Can renewables save the economy? History says, No

October 13, 2020

Canada’s federal government–deep in debt from policy decisions and now the COVID-19 pandemic–has pointed toward a focus on renewable energy as a way to “build back better” and strengthen the economy.

But will it work?

Wind Concerns Ontario took a look at what government incentives did in Ontario, when the McGuinty government had the same goal in 2009. Their aim was to make up for the devastating losses in the auto industry by fostering a new one: Ontario would become a world leader in green energy and benefit from a chain of economic endeavors from manufacturing wind and solar power components to generating “clean” “green” power.

The vision was to help “fledgling” companies grow and thrive.

What happened?

Not that.

Research on the companies that actually participated in the early days of wind power development in Ontario shows they were hardly “fledglings”. Names like Samsung, Enbridge, Suncor, SunEdison and more indicate, as the Wind Concerns Ontario report shows, companies from around the world flocked to Ontario to take advantage of lucrative, above-market contract rates. And then, many of them left. Today, much of the province’s wind power capacity is held by pension and investment funds who bought into the high yields from the rich contracts.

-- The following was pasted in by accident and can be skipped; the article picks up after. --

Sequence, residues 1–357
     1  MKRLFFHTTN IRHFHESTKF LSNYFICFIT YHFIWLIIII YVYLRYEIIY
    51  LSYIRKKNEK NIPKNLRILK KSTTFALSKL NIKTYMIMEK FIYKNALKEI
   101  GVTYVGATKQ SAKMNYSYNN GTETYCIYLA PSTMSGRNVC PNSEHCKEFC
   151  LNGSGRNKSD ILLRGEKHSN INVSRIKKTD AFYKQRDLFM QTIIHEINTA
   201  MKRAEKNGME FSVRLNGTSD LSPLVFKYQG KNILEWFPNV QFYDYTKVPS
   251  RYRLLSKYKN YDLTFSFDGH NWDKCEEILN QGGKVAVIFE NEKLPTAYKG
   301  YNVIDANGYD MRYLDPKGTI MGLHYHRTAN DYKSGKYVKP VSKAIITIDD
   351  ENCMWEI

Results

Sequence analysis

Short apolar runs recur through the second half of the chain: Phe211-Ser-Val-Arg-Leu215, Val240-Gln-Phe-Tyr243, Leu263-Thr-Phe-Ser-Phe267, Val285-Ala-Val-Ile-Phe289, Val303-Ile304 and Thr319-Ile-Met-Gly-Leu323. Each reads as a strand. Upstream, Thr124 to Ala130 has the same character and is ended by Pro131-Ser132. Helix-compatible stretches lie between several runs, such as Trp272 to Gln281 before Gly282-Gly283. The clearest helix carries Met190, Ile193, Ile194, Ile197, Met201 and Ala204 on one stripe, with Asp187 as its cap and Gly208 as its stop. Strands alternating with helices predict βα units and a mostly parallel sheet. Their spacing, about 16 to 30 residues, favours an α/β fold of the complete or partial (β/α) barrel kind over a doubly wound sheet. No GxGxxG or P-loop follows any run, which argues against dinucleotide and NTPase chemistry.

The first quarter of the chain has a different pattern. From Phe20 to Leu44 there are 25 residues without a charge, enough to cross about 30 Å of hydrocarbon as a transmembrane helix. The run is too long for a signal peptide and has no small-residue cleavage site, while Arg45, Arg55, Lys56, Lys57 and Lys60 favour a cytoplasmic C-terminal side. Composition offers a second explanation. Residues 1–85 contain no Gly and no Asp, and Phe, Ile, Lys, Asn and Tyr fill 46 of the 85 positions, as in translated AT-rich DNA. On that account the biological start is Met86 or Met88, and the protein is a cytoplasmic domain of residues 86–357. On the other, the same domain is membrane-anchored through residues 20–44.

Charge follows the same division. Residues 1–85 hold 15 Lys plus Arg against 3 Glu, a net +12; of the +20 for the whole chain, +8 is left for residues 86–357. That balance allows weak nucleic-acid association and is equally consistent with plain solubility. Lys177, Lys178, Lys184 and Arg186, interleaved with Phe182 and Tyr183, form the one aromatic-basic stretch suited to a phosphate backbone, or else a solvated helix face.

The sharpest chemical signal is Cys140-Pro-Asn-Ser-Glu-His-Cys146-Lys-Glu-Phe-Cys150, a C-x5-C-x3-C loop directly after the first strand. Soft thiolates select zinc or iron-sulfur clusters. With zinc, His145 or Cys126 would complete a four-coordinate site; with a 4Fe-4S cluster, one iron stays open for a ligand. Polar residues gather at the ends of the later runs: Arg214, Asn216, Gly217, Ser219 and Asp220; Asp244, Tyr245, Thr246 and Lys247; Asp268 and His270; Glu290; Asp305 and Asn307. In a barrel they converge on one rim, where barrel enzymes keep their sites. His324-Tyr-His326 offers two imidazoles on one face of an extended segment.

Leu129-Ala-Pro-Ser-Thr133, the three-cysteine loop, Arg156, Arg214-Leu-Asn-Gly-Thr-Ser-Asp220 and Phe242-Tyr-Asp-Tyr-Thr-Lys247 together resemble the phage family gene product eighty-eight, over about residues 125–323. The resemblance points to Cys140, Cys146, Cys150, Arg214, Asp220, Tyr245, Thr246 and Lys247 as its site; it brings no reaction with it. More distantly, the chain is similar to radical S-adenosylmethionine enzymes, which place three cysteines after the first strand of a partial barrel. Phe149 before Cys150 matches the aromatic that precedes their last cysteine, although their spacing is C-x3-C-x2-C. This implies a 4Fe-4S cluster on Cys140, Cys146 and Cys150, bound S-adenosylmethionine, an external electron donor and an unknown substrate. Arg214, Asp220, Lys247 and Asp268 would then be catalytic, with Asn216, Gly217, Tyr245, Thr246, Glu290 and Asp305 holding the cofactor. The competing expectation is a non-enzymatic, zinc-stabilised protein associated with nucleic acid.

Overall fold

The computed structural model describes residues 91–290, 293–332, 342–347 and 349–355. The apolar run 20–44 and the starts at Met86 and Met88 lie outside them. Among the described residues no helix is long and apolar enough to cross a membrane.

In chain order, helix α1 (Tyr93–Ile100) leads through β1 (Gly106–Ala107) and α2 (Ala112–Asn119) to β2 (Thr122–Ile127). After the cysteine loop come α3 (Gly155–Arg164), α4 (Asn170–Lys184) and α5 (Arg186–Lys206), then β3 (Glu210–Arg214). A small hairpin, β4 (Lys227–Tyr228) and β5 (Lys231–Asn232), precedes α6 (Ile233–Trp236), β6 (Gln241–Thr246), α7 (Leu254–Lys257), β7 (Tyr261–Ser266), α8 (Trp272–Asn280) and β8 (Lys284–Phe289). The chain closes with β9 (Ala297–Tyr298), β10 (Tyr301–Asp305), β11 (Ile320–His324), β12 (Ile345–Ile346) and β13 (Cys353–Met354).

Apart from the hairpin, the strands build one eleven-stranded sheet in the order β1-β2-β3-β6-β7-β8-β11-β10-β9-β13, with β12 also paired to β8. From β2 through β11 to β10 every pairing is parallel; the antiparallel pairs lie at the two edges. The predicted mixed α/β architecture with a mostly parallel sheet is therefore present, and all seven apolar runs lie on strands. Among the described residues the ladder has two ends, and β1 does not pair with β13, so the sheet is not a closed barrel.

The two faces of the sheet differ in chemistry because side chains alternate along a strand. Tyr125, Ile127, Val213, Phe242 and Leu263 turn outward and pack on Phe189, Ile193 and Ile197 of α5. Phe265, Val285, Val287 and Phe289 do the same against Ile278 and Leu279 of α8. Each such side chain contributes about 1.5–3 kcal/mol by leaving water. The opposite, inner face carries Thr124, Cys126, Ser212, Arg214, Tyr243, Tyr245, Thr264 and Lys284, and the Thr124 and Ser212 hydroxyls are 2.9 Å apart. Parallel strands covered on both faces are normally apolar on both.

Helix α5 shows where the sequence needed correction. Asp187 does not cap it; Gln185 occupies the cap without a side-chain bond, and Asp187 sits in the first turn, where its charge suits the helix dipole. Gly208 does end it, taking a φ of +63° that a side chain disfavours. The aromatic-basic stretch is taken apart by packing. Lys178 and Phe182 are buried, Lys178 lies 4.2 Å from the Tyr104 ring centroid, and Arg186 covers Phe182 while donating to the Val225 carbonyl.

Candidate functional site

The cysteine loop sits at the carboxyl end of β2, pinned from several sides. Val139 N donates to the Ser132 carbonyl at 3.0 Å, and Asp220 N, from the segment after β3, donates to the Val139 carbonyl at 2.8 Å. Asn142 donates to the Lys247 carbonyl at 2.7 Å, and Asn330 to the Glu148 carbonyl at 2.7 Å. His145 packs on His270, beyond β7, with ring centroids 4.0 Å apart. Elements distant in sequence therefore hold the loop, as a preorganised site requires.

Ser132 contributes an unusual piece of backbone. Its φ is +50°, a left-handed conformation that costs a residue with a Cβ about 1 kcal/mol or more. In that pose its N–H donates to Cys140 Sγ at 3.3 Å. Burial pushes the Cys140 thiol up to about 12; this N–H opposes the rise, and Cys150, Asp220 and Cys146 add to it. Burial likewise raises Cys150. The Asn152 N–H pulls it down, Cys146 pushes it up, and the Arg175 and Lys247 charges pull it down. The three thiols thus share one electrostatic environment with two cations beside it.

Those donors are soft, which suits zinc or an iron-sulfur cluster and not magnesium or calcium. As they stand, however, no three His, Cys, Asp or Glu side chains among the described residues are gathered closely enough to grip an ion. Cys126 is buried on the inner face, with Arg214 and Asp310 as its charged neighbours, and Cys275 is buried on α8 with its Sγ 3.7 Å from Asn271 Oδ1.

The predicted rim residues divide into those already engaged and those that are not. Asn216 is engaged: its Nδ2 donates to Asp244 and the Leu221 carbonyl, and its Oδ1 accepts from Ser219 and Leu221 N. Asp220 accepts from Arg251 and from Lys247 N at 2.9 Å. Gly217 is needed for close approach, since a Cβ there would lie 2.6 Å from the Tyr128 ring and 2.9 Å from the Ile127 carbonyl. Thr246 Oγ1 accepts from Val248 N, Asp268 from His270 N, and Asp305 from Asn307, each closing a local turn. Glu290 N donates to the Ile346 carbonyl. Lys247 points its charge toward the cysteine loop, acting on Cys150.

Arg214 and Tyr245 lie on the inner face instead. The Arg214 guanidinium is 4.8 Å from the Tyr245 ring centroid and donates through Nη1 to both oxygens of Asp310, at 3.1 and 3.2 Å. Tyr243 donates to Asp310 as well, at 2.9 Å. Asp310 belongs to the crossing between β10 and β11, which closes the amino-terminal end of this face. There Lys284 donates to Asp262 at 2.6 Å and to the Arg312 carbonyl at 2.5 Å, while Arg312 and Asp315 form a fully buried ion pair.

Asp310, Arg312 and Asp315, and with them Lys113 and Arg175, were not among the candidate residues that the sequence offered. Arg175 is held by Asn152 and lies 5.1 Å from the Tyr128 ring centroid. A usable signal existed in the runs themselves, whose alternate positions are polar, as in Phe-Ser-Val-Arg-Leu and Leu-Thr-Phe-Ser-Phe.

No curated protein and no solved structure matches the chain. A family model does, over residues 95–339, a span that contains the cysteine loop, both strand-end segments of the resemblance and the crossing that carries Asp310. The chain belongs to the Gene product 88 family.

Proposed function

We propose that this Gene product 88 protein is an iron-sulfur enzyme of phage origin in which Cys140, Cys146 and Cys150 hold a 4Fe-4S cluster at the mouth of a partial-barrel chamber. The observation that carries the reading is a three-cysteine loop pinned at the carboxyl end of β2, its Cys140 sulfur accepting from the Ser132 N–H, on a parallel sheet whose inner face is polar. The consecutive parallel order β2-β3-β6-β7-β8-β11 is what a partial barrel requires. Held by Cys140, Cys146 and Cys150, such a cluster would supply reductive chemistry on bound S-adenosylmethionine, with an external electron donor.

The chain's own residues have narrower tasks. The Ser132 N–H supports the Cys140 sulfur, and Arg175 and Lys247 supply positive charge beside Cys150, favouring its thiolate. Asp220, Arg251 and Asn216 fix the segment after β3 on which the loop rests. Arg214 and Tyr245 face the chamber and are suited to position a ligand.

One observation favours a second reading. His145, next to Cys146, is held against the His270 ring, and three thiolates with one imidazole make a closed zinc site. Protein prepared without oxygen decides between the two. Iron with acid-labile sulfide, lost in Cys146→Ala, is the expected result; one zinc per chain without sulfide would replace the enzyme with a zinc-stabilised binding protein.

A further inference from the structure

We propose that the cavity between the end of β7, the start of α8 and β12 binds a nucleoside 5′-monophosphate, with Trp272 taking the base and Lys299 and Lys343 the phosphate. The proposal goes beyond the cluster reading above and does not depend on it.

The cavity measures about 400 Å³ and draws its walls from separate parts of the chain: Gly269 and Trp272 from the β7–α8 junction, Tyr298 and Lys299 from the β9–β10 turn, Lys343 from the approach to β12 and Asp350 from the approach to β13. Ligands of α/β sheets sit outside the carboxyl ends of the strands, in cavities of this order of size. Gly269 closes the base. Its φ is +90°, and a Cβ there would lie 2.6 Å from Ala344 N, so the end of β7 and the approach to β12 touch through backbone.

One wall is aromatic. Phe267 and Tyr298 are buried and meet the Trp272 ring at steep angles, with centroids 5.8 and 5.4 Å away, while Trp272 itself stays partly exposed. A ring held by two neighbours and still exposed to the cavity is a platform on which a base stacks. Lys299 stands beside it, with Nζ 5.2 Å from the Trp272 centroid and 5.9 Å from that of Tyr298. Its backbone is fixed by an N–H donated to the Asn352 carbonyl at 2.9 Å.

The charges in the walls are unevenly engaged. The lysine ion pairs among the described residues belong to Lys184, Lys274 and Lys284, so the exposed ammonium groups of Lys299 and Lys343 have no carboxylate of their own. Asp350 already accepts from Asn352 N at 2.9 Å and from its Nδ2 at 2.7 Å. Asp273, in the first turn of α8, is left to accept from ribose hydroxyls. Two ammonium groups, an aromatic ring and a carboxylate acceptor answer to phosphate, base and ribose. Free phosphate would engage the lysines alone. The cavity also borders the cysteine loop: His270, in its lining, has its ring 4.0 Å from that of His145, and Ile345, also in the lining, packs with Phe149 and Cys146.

Jobs? No.

Manufacturing? No.

Prosperity for all? No. Ontario now has a new catch phrase: “energy poverty” as it watched manufacturing businesses hit the road for locations with more advantageous electricity rates.

Read the Wind Concerns Ontario report here Wind Power Development and Ownership Ontario-October-2020